“The ubiquity of digital technology and mobile devices enables people at far corners of the globe to share moments together, regardless of where they're located, their economic status, or how old they are," he wrote. "By focusing content development around these shared cultural moments, marketers can transcend the demographics-driven targeting that has for so long defined the industry, reaching more people in a more relevant way.”Continue reading...
Posted by Mark J. Miller on January 3, 2013 01:14 PM
People may seem to do anything they can to avoid commercials but there are some that they actually choose to watch. YouTube has compiled a list of 2012’s Top 20 ads uploaded by brands on its site, and it shows that consumers actually chose to watch a few ads, billions of times, last year.
How YouTube defined most popular: "The 2012 YouTube Ads Leaderboard celebrates the U.S. ads that most moved audiences through a winning combination of promotion (paid ads) and popularity (organic views)." The tally captures data as of Dec. 6th, 2012.
While Nike's Nike Football channel took the top spot with "Nike Football: My Time is Now," Old Spice led the pack with four ads in the top 20. Nike and Volkswagen each had two ads on the list.Continue reading...
social media watch
Posted by Shirley Brady on November 21, 2012 02:17 PM
It's amazing it's taken The Onion this long to create a video spoof of social marketing, with a mock social media TED Talk, above, featuring a social media charlatan talking about how he scammed Cheetos, Shell and Speed Stick. Below, watch some other classics of the social/digital guru takedown genre, including Adobe (which has a couple of horses — Adobe Analytics and Omniture — in the social ROI race), whose "BS Detector" video is featured on the Onion's homepage today; the BBC's London 2012 "Perfect Curve" mock digital agency; and the 2009 (NSFW) classic, "The Social Media Guru."Continue reading...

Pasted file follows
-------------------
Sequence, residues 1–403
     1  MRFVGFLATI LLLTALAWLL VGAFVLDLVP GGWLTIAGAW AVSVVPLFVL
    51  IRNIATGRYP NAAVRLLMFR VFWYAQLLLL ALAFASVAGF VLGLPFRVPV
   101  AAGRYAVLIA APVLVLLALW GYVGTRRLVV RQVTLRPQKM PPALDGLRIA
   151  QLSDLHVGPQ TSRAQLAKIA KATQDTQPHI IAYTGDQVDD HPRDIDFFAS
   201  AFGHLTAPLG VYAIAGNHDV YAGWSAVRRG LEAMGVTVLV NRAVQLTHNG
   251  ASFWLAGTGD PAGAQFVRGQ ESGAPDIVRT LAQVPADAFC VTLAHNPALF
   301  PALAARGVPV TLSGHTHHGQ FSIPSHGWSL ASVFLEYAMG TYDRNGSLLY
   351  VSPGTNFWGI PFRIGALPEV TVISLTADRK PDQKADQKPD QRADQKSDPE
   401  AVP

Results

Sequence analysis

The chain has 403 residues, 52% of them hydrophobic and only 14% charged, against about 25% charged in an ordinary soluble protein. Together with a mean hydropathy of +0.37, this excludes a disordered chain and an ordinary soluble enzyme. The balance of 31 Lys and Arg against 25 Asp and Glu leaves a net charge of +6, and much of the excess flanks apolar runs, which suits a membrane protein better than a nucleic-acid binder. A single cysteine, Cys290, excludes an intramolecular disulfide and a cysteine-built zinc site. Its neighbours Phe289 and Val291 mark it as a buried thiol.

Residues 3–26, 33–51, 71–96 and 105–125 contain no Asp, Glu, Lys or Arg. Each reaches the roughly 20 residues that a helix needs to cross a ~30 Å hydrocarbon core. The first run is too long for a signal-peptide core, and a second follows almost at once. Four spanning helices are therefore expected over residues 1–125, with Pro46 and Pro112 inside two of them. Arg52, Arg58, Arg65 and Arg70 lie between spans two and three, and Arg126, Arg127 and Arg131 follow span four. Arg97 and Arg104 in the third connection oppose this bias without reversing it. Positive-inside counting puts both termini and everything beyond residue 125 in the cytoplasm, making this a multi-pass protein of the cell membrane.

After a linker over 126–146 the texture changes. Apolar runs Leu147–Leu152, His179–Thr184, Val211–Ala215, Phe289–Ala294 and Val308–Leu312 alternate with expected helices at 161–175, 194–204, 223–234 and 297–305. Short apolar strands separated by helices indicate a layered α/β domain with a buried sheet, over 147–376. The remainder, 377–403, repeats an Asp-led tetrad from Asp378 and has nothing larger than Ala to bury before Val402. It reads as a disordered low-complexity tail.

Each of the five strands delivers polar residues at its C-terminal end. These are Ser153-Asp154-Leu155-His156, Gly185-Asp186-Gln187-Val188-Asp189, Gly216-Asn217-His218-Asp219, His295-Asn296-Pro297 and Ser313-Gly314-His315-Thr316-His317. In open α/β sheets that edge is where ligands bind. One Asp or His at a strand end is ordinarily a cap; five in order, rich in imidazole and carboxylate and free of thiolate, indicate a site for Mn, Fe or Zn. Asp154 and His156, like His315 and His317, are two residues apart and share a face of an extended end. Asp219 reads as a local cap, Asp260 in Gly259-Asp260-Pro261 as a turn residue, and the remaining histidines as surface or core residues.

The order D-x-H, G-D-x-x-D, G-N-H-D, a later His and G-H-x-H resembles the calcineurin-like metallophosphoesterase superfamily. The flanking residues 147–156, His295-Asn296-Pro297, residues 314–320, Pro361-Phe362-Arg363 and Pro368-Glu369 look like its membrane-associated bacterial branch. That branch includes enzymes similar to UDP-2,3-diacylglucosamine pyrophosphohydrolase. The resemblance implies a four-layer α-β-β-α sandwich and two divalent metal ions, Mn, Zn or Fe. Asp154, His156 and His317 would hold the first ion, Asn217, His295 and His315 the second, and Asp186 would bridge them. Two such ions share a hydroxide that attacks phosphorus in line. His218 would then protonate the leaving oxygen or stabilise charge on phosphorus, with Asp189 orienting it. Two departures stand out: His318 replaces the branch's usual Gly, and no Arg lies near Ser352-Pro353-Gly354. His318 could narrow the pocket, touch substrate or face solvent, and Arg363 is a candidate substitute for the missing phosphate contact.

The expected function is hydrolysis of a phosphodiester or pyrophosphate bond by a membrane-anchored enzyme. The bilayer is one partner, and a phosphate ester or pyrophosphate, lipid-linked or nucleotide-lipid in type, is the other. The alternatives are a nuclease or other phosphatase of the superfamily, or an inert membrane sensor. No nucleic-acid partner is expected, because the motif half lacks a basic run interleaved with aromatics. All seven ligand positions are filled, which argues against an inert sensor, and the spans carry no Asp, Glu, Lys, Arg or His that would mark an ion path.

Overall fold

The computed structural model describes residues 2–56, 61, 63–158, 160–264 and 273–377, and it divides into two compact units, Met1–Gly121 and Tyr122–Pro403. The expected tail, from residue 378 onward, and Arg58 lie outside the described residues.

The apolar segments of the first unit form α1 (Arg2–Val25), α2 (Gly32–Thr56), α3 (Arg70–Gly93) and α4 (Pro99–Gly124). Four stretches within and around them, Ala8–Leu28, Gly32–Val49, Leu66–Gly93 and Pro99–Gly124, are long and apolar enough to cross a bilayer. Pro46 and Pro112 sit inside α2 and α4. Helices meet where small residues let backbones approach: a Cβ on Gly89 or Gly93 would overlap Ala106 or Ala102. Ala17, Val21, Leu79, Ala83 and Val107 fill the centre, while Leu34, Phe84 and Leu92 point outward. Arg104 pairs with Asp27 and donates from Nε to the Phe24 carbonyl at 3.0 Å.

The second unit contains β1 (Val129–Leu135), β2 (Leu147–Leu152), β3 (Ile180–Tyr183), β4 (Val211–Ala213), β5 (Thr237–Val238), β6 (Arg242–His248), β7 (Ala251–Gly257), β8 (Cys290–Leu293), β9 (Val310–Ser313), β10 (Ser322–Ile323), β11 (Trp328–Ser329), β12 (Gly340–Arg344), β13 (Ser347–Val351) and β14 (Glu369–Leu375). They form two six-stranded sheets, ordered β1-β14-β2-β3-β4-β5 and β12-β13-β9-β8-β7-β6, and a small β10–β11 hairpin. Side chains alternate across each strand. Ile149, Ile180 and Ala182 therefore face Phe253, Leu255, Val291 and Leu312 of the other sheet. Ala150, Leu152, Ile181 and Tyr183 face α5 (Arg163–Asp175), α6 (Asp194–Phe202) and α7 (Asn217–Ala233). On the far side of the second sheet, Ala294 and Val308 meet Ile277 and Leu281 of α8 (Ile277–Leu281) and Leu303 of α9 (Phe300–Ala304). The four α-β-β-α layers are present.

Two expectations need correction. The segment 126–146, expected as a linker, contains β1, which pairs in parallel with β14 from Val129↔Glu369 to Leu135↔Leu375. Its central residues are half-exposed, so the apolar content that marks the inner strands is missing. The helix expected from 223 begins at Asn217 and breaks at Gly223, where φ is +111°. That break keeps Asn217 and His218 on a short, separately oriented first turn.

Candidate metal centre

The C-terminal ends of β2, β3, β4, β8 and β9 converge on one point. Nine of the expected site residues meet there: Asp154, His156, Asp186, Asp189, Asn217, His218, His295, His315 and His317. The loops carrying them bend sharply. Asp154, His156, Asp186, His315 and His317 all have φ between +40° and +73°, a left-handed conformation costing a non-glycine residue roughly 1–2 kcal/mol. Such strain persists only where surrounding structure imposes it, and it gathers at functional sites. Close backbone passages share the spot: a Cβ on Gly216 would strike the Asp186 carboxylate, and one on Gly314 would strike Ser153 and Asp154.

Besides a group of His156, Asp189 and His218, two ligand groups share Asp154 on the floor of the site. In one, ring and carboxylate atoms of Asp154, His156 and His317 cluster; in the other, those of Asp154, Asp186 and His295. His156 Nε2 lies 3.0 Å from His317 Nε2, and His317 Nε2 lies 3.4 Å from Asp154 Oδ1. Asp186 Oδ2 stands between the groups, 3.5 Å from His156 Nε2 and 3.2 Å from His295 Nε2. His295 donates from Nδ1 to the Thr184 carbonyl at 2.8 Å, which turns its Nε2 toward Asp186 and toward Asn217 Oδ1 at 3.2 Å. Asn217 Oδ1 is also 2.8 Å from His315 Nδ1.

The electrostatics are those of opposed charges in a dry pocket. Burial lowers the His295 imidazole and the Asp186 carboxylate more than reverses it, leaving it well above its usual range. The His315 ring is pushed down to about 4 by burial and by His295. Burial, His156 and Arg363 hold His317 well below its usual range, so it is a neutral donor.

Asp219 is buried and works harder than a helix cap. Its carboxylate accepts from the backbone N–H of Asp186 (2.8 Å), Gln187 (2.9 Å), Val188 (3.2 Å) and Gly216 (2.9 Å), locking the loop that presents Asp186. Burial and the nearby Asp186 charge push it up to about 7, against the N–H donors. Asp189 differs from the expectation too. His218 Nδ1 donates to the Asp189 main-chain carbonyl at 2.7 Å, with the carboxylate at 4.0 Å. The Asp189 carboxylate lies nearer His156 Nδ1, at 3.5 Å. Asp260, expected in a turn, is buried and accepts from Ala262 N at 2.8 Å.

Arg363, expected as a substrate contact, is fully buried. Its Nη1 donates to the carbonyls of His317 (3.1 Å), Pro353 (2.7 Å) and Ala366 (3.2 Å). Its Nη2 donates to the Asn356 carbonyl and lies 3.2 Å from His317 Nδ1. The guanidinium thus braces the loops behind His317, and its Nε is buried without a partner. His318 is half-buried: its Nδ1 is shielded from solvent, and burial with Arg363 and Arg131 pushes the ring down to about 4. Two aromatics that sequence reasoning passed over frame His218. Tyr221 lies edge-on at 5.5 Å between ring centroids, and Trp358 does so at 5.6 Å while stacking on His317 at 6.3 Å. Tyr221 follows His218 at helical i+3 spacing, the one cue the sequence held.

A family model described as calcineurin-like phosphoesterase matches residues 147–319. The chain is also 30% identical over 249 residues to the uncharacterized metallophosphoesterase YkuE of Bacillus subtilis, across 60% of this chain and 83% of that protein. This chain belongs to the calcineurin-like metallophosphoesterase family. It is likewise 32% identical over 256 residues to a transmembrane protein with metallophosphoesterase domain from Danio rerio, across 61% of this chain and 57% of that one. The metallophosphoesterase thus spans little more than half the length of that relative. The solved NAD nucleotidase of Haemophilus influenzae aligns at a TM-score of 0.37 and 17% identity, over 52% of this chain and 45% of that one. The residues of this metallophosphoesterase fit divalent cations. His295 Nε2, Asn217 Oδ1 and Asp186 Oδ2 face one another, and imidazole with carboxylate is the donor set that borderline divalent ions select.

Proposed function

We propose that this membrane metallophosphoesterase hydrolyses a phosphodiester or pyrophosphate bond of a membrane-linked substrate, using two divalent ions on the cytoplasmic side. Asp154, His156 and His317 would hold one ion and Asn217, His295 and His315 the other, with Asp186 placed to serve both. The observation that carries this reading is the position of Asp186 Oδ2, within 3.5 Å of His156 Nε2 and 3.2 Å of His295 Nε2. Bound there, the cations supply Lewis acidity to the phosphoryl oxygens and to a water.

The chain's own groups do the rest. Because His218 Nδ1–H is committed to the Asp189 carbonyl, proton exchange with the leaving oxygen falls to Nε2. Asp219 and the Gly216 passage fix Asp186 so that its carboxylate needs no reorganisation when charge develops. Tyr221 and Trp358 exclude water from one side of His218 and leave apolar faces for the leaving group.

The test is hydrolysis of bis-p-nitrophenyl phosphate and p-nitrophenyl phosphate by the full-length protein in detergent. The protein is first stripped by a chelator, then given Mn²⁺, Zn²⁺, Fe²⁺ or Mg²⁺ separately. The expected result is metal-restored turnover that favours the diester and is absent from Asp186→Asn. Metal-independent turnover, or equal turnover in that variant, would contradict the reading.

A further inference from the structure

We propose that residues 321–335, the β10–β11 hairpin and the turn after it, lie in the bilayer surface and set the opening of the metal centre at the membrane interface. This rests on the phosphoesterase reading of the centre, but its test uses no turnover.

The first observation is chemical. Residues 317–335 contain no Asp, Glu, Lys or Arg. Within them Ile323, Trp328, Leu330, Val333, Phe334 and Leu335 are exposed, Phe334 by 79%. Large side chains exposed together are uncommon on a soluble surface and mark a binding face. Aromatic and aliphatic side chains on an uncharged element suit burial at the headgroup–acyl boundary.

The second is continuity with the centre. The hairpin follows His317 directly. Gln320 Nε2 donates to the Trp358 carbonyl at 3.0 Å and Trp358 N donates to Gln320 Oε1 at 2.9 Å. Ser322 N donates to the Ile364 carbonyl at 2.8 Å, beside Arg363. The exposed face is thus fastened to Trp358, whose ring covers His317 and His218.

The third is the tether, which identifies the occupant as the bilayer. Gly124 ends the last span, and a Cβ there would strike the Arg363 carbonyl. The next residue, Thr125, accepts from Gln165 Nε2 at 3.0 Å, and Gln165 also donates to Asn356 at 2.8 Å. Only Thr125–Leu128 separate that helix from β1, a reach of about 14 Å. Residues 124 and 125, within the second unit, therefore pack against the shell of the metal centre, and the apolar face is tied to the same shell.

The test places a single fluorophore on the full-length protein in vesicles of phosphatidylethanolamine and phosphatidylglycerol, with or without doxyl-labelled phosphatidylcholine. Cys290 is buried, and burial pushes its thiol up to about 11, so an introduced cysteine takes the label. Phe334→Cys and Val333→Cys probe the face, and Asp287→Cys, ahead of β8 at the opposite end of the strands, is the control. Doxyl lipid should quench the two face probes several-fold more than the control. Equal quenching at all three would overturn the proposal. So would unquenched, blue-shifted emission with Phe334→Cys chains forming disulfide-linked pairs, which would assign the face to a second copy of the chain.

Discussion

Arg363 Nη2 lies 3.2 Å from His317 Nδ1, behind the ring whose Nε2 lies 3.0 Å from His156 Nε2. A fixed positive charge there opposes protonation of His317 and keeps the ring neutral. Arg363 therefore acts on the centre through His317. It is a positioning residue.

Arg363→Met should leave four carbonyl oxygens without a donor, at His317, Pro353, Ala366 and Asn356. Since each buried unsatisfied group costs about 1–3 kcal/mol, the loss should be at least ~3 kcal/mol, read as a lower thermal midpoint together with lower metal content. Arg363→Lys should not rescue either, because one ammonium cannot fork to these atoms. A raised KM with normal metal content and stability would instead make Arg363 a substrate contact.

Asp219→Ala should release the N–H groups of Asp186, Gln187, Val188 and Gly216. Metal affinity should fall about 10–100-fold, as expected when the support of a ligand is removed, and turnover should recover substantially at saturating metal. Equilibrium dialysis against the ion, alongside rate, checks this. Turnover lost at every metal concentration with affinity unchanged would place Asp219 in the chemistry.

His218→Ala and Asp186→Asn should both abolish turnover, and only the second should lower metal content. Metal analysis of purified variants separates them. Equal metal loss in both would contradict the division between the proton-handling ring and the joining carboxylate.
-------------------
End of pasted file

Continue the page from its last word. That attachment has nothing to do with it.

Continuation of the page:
Posted by Michael Waltzer on October 22, 2012 03:30 PM
As a viral marketing ploy for the upcoming film Monsters University, Disney's Pixar animation studion has launched a clever website promoting not the movie, but the university that Sully and Mike learned their chops for Monsters Inc. The website is real, but the university (unfortunately) isn't. This isn't your normal run of the mill movie website, either — there is plenty of depth and room to explore the world of the movie (which comes out in June) and its campus setting.Continue reading...
Posted by Dale Buss on October 15, 2012 03:16 PM
New York City's ban on selling beverages bigger than 16 ounces that passed last month doesn't seem to face a major threat as it heads toward implementation in March. It's fat from popular with many New Yorkers, and the beverage industry and others certainly hate it, but the regulation has begun to assume the momentum of inevitability.
That's why the American Beverage Association, which represents Coca-Cola, PepsiCo and Dr Pepper Snapple Group among other companies, has launched a last-ditch effort that now includes a lawsuit against the city that the organization, as promised. The suit argues that the unelected New York health board, which approved the ban spearheaded by Mayor Michael Bloomberg, shouldn't be telling people how much soda to drink, according to CBS Radio. The suit also said that the rule "burdens consumers and unfairly harms small businesses."Continue reading...